As we mentioned in the last section of this blog article already, a working viscous coupling will always relieve the gear box from a certain amount of load – even on dry pavement.
Unfortunately, we were not able to quantify this percentage. Now, for the first time, we have reliable measurements for quantifications, which is quite amazing.
Searching for data about the viscous coupling of the Golf 2 Syncro we came across an article in the ATZ Journal (Automobil Technische Zeitschrift) of 1986. VW performed measurements of the torque distribution between front- and rear axles in different driving situations:
The prevailing opinion regarding the Viscous-coupling only activates on loose surfaces such as: ice, snow & sand and runs useless on tarmac. In this notion, however, the always present tire slip is forgotten. In other words, in order to transmit driving forces, a tire must always slip to a certain degree – even if it is invisible to the naked eye. In a brochure Continental speaks about tire wear slip values in the range of 2 – 20 % at rapid acceleration on dry roads.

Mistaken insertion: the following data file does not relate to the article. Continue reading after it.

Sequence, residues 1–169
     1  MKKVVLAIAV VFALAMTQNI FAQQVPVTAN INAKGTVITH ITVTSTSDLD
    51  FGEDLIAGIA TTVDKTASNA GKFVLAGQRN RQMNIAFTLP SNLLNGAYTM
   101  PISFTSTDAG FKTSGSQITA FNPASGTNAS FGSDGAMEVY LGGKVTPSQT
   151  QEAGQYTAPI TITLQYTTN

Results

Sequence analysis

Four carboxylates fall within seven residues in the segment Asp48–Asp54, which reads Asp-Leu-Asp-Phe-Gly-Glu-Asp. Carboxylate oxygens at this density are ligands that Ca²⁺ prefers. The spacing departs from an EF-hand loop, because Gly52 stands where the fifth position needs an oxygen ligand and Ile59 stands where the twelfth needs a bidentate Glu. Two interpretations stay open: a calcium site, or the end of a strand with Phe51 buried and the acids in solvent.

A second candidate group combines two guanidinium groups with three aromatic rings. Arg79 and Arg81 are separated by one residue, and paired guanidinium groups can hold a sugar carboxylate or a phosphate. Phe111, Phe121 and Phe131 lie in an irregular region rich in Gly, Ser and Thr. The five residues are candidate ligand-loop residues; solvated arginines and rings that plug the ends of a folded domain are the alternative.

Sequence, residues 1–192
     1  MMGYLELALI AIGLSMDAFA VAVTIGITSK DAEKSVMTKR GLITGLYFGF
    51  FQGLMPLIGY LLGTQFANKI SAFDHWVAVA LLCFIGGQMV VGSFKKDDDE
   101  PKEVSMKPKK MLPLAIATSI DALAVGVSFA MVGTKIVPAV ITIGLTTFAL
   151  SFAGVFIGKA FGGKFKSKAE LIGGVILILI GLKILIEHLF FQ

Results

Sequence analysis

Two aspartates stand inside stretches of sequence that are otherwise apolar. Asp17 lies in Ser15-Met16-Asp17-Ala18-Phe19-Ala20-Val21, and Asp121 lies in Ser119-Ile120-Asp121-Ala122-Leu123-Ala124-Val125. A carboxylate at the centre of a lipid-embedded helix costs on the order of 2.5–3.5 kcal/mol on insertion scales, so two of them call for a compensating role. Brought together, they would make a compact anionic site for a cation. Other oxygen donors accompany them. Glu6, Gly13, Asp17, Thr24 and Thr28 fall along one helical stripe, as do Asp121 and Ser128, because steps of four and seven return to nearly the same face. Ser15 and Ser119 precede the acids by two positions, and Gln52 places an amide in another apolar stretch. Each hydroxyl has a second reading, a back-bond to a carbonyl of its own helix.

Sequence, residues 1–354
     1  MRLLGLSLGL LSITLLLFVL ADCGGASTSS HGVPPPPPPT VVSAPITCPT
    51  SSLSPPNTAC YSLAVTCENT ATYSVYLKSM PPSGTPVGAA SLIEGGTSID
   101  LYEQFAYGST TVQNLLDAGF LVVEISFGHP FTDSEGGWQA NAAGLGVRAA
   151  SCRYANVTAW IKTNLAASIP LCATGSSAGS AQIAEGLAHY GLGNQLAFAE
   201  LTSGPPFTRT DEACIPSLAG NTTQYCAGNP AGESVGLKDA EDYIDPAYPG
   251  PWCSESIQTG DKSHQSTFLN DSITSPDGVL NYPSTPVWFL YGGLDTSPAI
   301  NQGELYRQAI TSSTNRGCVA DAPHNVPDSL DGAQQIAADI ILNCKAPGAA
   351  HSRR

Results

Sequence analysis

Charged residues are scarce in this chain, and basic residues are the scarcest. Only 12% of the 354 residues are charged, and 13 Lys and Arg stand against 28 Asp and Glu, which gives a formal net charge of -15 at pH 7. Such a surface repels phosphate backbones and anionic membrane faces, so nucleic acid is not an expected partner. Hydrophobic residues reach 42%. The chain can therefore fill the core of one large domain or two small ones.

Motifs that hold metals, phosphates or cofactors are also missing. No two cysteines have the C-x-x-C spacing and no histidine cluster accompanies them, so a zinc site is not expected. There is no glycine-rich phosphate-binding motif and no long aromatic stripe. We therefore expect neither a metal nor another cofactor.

VW measured for the front-wheel driven Golf 2 Syncro at full throttle acceleration in 5th gear a torque distribution of 58/42 on dry roads (!). At high speeds, almost half of the drive power is transmitted via the viscous coupling and relieves the gear box. One can see clearly from the table how the torque-distribution steadily increases on the rear axle with increasing speed.
Due to the dynamic weight transfer, the primary driven rear axle of the T3 Syncro has certainly an advantage during acceleration. Therefore lower slip values on the rear axle can be expected for the T3 Syncro in comparison with the front-wheel driven Golf. But when it comes to air resistance at high speeds, the Golf obviously has it’s leg up on the T3
Permanent four-wheel drive relieves the gear box of the T3 Syncro, especially on dry tarmac when the driver puts the pedal to the metal.